The Dursleys were so mean and hideous that summer that all Harry Potter wanted was to get back to the Hogwarts School for Witchcraft and Wizardry. But just as he’s packing his bags, Harry receives a warning from a strange, impish creature named Dobby who says that if Harry Potter returns to Hogwarts, disaster will strike.
And strike it does. For in Harry’s second year at Hogwarts, fresh torments and horrors arise, including an outrageously stuck-up new professor, Gilderoy Lockhart, a spirit named Moaning Myrtle who haunts the girls’ bathroom, and the unwanted attentions of Ron Weasley’s younger sister, Ginny. But each of these seem minor annoyances when the real trouble begins, and someone, or something, starts turning Hogwarts students to stone. Could it be Draco Malfoy, a more poisonous rival than ever? Could it possibly be Hagrid, whose mysterious past is finally told? Or could it be the one everyone at Hogwarts most suspects: Harry Potter himself?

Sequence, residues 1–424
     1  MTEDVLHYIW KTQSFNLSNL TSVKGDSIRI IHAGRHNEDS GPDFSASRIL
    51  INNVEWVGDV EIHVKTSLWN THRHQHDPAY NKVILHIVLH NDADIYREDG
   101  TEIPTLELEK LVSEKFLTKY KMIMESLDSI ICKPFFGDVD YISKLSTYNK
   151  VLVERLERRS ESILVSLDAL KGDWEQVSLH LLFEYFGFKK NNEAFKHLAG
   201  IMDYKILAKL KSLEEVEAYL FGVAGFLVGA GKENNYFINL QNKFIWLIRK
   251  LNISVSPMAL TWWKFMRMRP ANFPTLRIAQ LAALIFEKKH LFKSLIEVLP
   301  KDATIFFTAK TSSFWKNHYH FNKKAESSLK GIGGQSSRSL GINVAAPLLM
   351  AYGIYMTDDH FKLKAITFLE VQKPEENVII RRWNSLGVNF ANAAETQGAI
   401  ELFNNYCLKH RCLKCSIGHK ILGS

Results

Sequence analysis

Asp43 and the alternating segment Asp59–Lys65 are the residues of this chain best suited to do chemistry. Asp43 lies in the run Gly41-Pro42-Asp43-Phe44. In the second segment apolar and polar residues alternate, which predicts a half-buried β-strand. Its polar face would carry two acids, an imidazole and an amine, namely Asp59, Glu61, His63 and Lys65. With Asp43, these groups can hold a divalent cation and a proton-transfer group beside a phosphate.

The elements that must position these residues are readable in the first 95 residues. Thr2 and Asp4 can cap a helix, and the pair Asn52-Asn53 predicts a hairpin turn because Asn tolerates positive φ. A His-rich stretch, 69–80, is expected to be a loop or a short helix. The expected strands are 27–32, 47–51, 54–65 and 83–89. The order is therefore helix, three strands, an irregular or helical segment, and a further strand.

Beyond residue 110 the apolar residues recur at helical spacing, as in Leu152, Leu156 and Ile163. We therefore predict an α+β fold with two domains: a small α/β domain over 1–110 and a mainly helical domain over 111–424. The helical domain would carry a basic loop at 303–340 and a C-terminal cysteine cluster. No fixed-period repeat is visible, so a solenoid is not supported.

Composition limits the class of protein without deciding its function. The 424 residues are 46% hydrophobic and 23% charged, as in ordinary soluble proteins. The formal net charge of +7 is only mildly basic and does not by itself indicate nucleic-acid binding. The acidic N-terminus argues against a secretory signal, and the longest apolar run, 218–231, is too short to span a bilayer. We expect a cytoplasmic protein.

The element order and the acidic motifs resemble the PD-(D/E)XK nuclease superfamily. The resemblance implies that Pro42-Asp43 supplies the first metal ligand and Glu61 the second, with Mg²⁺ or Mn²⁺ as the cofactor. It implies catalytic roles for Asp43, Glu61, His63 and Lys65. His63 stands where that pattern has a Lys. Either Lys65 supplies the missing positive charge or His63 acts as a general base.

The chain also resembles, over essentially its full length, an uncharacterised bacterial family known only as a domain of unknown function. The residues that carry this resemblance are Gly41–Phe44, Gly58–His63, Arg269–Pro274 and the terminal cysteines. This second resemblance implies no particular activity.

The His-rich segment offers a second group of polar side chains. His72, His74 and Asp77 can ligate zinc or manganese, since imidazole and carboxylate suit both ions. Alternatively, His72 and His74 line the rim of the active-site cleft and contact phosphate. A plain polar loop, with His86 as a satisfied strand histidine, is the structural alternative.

Still as good as I remember it from my childhood. Similar to The Sorcerer’s Stone in that sense that something is always happening. But not quite as much, because this book gives more environmental descriptions. Most of it I remember from reading the book and watching the movies countless times, but I still got surprised here and there. For example, I had completely forgot how Moaning Myrtle died or how Lockhart ended his time at Hogwarts as a professor or what happened to Mr. Weasly’s flying car.
It makes me happy that a story so well-known by me can still surprise me and entertain me like I was 12 again. I am so glad I decided to finally reread these books (in its original language). My original plan was to read one book, read another one between. But these are too darned good to be skipped. I will read all of them in one go! I should be done in the beginning of March or mid-March depending on how much time my master thesis will take. Now it is time for the Prisoner of Azkaban, a rather dark book if I don’t misremember.